Ubuntu Adds Support to Install DEBs in App Center

Ubuntu’s App Center has had a rather glaring omission from recent releases of Ubuntu. It did not come with the ability to install local DEB packages downloaded from the web. Based on my research, it seems like this feature was always planned to be included but unfortunately there wasnt enough time to make it in prior to full Ubuntu releases. That is obviously a bummer for Ubuntu users but with the App Center being a Snap, that should’ve been just a temporary issue.

The first version of the App Center that did not support installing local third-party DEBs was Ubuntu 23.10 (Mantic Minotaur). Prior to this Ubuntu was using a different software center which did have this functionality and had it for years.

Just to be clear, we aren’t talking about support of all DEB files. The App Center has always supported installing DEBs from official Ubuntu repositories. This is about installed third party DEBs which is also sometimes called “side loading”. It is also important to note that users could still install these packages if they really wanted to because it was easily accessible by running a sudo apt install command. It was also possible for people to install the app GDebi which is essentially made exactly for this purpose but both of these things required the user to know this. Beginners or average users would likely not be aware of these options.

Ubuntu will also be displaying warnings and confirmation boxes in App Center when someone tries to do this in order to educate users about the risks of installing DEB packages from untrusted sources. I think there are 2 things to address here. The security concerns of DEB packages and control in the hands of the users.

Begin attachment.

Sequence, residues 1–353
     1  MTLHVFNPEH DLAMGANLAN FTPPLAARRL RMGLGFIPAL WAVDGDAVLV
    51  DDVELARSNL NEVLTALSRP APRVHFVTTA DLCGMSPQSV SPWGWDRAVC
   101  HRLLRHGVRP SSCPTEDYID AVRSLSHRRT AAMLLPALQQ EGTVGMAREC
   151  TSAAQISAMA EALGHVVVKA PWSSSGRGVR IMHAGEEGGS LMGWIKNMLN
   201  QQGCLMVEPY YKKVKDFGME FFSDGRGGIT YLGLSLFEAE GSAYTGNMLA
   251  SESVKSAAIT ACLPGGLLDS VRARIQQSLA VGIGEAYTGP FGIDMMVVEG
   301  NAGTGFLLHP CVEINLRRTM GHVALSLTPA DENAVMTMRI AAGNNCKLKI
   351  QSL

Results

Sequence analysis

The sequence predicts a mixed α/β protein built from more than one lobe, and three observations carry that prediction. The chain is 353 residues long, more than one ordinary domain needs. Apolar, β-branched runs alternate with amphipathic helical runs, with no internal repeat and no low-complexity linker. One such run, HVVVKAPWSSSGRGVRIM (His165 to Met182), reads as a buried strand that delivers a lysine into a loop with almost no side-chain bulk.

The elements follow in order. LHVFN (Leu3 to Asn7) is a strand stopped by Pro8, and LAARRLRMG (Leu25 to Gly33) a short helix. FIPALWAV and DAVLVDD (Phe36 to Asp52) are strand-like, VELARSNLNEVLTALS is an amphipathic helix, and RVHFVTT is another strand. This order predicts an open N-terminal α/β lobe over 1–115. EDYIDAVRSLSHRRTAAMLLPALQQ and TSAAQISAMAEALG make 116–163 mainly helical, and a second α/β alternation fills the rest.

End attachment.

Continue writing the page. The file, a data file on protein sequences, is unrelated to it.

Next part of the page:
First, DEBs do present some security concerns. This is undeniable and its good that Ubuntu is going to display warnings to users about the possibility. DEBs grant unrestricted root access to the system and lack any kind of sandboxing. DEB packages in official repositories are not guaranteed to be without issues but the odds of a malicious actor getting something in one of the official repos is pretty small. BUT it is certainly possible with a third party DEB depending on where you download it from, of course.

The fact remains though, for about 8 months, that beginners or average Ubuntu users unaware of the more technical solutions have not been able to install DEB packages they downloaded. I understand the frustrations people have with this because I think it is fair that it could have waited until after the distro release since it is a Snap and it can be updated at any time but it took a full 6 month cycle and it still didnt happen until 2 months after 24.04.

I personally found myself wanting to do this recently because I tried using the Snap version of the Steam store and while for some time the experience was fine I started running into total crash failures where not only would the game crash but all of Steam would crash. Since I am a technical Linux user was easily able to bypass the limitation by using APT in the terminal to install the DEB of Steam I got by downloading it from Valve’s website.

I’m glad to see that Canonical have implemented this functionality but I do think it is fair to say it should not have taken this long to get it. I understand development takes a lot of time and I am not saying that it was simple process to make it work in App Center but it took until 2 months after another release of the distro. I’m just saying that Ubuntu is usually better at user experience elements than this so it’s a bit surprising.

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